Night Driving

night driveTomorrow afternoon we load up the car — kids, elderly mother, dog, and presents. Lots and lots of presents. Then we head down 75 for 20 hours or so for our annual adventure to visit my mother-in-law in West Palm Beach.

It’s Craig’s annual opportunity to see how many times we can let the house-sitter set off the house alarm. Just in case you’re wondering, the record is 6 in a single day. We had to get a new house sitter after that. Also a new bedroom carpet, which Gretta soiled with the ferocity of a fireman’s hose every time the alarm went off. Good times.

My favorite part of this drive is … the night driving. Late into the night, as one by one the rest of the family nods and dreams, I sit behind the wheel, listening to a book on CD, pounding Diet Coke and Christmas cookies. My personal record is eight hours without a rest stop … with luck, I’ll be able to match it.

With night driving, you don’t have to listen to kids squabble, or play endless rounds of the Alphabet Game, or stop every ten minutes for water and bathroom breaks (you’d think they’d catch on to the fact that the two are directly related after the first twelve stops). No snarky drivers, or traffic jams, or construction pile-ups. Just the hum of the engine, the gentle lull of the reader, and the faint illumination of my husband’s LED screen. It’s pretty perfect, really.

Of course, this doesn’t last for long. Sooner or later, the aroma of Christmas cookies hits the nose of my teenage son, who hones in like a drone (despite the fact that he can’t smell the underwear rotting in his room for months on end). Sarah argues in her sleep, even if no one takes the other end of the debate stick. It’s okay, though. This is what it means to embark on a family adventure.

I wonder if this is what it was like for the Magi as they followed the trail of the star(bucks) toward Bethlehem, to find the newborn King, their camels laden with gifts and provisions and their hearts full of hope.

St. Caspar, Melchior, and Balthazar — patron saints of road trips — pray for us.

Advertisements

Cookie Chronicles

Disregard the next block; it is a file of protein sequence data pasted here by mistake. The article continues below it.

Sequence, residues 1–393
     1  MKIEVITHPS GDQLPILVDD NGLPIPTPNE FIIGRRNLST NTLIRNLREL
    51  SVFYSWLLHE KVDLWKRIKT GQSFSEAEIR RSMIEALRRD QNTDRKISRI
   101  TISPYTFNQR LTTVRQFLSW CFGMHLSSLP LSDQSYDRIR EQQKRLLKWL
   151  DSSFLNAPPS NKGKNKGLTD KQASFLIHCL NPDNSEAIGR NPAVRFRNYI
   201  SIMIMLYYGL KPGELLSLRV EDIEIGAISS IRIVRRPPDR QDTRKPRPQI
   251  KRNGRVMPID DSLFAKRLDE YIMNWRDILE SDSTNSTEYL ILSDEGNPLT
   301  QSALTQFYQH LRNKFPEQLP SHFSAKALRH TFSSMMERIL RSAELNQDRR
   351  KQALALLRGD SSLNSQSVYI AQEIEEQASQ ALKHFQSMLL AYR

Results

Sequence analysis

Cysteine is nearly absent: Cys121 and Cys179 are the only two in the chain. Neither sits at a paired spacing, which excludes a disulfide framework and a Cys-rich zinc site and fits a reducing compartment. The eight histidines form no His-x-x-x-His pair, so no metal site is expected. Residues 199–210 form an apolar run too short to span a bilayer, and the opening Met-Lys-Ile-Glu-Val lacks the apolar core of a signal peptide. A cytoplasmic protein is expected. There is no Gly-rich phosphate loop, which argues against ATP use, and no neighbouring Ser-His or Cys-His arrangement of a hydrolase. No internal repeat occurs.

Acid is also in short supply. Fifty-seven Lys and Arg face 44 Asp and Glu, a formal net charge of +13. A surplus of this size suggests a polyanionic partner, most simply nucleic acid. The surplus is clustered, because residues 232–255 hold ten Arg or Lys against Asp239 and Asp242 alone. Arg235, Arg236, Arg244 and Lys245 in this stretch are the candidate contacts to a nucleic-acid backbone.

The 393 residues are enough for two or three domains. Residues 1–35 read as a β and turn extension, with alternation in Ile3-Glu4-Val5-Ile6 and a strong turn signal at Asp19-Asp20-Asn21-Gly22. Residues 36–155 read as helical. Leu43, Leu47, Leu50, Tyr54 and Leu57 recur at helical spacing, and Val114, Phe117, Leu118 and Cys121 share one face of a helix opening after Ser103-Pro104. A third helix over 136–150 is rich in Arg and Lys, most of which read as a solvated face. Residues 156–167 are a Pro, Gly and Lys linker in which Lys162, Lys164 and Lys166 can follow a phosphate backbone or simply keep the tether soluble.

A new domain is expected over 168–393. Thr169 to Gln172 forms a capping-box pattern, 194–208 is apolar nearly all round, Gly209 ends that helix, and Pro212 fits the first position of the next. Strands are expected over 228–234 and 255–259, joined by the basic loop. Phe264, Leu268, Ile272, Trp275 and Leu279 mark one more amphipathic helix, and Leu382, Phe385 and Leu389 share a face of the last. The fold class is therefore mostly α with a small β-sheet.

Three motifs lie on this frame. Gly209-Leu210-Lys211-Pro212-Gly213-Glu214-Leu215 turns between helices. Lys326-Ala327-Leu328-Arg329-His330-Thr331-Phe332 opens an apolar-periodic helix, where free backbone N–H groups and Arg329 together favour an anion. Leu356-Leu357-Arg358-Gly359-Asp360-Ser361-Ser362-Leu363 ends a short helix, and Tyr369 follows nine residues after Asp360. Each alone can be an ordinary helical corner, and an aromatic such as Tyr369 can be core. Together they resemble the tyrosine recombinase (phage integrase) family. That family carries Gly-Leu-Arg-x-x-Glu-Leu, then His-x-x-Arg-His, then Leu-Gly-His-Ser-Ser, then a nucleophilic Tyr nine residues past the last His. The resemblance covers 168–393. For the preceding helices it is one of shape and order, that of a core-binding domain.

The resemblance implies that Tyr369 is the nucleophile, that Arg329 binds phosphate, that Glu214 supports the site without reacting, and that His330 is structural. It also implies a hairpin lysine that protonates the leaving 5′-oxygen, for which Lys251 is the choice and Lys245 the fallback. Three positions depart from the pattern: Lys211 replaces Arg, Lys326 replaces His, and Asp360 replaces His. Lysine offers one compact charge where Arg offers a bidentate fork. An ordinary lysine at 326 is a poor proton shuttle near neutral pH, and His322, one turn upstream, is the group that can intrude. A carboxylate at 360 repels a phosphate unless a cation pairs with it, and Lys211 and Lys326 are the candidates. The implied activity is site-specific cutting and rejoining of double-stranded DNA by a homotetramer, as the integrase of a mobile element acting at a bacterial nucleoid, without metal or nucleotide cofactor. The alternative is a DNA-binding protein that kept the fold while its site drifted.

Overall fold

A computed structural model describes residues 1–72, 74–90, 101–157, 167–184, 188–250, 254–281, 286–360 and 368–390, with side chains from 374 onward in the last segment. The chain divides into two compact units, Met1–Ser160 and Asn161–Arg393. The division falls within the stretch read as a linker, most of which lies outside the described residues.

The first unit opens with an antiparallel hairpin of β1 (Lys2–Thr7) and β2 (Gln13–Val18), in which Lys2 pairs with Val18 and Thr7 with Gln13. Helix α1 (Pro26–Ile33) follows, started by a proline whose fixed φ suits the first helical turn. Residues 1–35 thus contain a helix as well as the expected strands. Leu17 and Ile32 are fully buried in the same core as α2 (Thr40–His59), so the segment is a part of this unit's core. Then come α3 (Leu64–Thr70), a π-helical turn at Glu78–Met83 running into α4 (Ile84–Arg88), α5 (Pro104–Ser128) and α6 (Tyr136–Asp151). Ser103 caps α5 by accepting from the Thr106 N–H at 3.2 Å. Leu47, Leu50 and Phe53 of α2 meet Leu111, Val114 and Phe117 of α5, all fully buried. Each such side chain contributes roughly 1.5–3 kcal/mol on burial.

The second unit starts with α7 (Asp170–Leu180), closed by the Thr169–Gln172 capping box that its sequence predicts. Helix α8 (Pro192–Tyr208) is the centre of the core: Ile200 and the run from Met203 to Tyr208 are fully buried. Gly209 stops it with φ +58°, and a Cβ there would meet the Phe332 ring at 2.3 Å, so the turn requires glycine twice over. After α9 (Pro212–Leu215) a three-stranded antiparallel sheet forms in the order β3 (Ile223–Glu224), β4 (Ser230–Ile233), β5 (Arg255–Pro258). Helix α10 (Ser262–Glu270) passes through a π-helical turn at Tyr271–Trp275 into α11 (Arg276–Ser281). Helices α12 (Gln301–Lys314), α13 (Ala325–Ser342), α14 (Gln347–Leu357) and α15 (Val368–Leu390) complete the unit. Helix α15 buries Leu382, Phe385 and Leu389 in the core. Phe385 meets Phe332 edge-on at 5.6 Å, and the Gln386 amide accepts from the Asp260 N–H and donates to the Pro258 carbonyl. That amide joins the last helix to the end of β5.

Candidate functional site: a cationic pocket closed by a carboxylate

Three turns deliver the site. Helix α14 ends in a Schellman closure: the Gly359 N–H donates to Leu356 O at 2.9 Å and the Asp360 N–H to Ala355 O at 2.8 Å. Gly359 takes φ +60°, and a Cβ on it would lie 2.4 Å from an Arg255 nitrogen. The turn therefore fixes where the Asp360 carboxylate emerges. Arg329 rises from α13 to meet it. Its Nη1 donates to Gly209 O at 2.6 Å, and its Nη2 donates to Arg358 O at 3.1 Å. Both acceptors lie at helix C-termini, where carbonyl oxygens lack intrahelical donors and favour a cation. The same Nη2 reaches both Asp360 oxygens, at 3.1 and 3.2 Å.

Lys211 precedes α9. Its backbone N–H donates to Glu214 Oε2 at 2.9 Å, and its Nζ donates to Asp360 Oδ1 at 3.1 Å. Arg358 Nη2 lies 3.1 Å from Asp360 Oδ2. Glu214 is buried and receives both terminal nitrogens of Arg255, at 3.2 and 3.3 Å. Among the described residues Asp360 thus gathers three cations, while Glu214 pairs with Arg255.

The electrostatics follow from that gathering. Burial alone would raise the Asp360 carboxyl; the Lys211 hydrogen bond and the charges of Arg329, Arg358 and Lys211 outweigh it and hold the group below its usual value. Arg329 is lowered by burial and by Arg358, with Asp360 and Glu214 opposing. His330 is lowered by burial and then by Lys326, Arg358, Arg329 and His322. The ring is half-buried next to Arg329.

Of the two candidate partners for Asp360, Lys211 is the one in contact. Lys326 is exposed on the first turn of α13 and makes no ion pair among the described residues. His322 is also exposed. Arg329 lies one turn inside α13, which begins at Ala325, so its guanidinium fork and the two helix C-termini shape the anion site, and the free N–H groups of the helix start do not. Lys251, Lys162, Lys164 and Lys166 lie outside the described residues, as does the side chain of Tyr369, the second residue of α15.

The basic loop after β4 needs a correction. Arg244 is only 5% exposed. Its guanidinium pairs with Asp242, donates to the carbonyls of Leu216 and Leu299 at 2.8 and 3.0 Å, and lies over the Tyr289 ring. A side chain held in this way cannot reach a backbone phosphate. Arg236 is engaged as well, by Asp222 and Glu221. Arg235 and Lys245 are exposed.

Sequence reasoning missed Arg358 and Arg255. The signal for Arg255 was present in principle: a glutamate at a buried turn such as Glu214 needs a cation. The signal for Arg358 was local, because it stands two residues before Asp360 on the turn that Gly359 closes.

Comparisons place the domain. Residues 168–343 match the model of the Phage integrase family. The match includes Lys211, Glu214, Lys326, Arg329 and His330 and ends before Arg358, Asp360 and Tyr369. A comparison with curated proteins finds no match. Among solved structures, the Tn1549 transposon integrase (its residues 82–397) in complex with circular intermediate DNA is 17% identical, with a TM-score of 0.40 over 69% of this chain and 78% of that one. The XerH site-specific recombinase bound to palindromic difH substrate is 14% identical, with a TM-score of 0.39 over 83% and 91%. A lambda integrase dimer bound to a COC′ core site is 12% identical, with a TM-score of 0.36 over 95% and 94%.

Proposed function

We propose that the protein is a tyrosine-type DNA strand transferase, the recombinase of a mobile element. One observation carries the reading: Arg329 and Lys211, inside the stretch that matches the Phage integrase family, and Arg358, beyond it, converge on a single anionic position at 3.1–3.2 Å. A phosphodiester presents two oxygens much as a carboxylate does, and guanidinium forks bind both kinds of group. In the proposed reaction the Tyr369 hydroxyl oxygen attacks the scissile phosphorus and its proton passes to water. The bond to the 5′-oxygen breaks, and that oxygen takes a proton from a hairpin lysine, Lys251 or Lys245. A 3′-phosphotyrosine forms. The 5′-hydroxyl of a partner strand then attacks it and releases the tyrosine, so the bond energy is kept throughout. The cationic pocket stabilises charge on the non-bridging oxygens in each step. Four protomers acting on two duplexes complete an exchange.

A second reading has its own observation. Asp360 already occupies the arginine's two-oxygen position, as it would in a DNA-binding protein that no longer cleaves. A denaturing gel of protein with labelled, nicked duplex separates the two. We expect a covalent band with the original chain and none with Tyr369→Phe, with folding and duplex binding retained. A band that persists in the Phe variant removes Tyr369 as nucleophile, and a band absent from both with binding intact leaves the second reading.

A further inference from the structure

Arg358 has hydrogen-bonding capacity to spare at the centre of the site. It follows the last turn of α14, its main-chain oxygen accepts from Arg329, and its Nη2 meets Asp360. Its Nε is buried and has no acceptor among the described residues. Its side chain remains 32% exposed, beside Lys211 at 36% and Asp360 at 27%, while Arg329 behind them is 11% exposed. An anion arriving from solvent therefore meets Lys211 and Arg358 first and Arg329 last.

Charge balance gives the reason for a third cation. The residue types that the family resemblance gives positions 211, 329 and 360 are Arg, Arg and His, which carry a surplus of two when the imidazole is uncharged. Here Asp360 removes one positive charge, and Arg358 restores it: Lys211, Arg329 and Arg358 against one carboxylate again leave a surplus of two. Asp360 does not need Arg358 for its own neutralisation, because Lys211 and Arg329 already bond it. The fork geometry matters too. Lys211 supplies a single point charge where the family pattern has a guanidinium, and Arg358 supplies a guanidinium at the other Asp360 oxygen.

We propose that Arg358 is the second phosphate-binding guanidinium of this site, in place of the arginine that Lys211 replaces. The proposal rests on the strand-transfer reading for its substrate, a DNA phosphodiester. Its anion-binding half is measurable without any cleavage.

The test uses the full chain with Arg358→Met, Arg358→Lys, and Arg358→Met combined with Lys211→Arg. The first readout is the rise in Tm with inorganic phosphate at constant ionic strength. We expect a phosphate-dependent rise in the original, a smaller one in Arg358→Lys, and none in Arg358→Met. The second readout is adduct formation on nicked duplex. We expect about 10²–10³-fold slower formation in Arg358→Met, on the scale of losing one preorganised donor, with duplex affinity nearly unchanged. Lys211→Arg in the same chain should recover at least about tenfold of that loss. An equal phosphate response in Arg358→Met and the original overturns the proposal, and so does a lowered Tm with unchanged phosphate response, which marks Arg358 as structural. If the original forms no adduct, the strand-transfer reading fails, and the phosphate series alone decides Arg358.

blueberry zucchiniThis year, with Mom helping with the baking, I decided to dig out the old family receipe files and mix things up a bit from the tried-and-true gingerbread and candy cane routine.

In addition to the traditional banana bread (to use up the sour cream from the sugar cookie recipe I usually use), we are making:

Almond sugar cookies (my Aunt Lolly’s recipe), with crushed almonds and almond flavoring in place of vanilla. The scent was so heady, Chris wandered out of his room just to find out what was going on!

Next up, peanut butter cookies, using the “natural peanut butter” Craig asked for, then decided wasn’t crunchy enough. I added some crushed peanuts, just to be safe. Then roll ’em in more crushed peanuts and sugar. Because … well, you just can’t get enough peanuts in a peanut butter cookie!

Finally, my grandmother’s (Dixie’s) oatmeal chip cookies. I remember making these with her when I was a little girl, measuring out the oats and dumping them in the bowl. I figured we need at least one kind of cookie that will satisfy the sweet tooth of someone with a nut allergy, right?

Tomorrow is Sarah’s first guitar concert. She’s only been playing a couple of months, but the teacher already has her in a group of girls playing Taylor Swift’s “Last Christmas.” Looking forward to the fun!

Rose Sunday Tea

“Keep the joy of loving God in your heart

and share this joy with all you meet,

Especially your family. God bless you.”

St. Teresa of Calcutta

advent cake

This week Franciscan Media posted my recipe for “Rose Sunday Chocolate Pound Cake” to promote my new book
Advent with Saint Teresa of Calcutta. 
I wanted to offer a fuller explanation about Rose Sunday Tea for you here.